And with Amazon also “tilting the tables” by not only providing a market-dominating retail platform, but also by using its position as platform owner/operator to then “cheat” and selectively start creating competing products to sell against its former retail partners, aren’t we now at the point where something needs to be done?
More on Civilian Space Flight
The last Virgin Galactic flight was an almost “real” one with Sir Richard Branson on board. It took place on 11 July, and was “almost real” in the sense that it operated what is planned to be a typical flight when it goes into commercial service, but it was not a regular commercial flight with regular passengers.
While it had an apparently alarming flight complication during its short itinerary, it landed safely. The next flight was scheduled for September or October. On 14 September, Virgin announced a delay until mid October, and yesterday Virgin announced it was delaying its next flight until the second half of next year. The first commercial flight is now set for some time in the fourth quarter of 2022. The company’s stock price promptly fell by 13%.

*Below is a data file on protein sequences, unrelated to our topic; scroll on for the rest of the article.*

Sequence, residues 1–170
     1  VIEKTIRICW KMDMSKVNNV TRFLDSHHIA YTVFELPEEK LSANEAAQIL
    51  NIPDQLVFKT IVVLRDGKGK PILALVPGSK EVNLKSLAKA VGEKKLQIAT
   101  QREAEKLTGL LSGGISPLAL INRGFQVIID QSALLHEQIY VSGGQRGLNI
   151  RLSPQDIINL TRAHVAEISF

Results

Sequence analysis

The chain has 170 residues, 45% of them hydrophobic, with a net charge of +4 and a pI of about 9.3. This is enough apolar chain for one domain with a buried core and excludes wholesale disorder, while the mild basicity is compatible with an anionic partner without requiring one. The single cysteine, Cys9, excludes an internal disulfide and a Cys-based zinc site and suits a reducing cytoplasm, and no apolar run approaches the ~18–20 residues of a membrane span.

We’re not going to criticize VG for choosing safety over schedule, although it is unfortunate that yet again, the company at the last minute suddenly announces another major delay, making all future dates never very credible.
This contrasts with the Blue Origin space ship, which went up on 20 July, and then operated a second flight on 13 October. That’s not exactly a breathtakingly fast tempo either, but it is more in line with its promised timeline and schedule. Both companies show there’s a very long way to go before turnaround times drop down to a few days, rather than a few months.
The other big news has been the disclosure that VG is now selling seats on future flights for $450,000 each. That’s up from earlier prices of $200,000 and $250,000, and seems to suggest not so much a market that is willing to pay twice as much for the very short flight experience, but rather a company that has realized it can not make a profit selling tickets at a lower price. Perhaps this is also because it has reduced the passenger carrying capacity from six passengers (plus two pilots) down to only four passengers (plus two pilots). So the higher fare in large part simply offsets the reduction in passengers carried.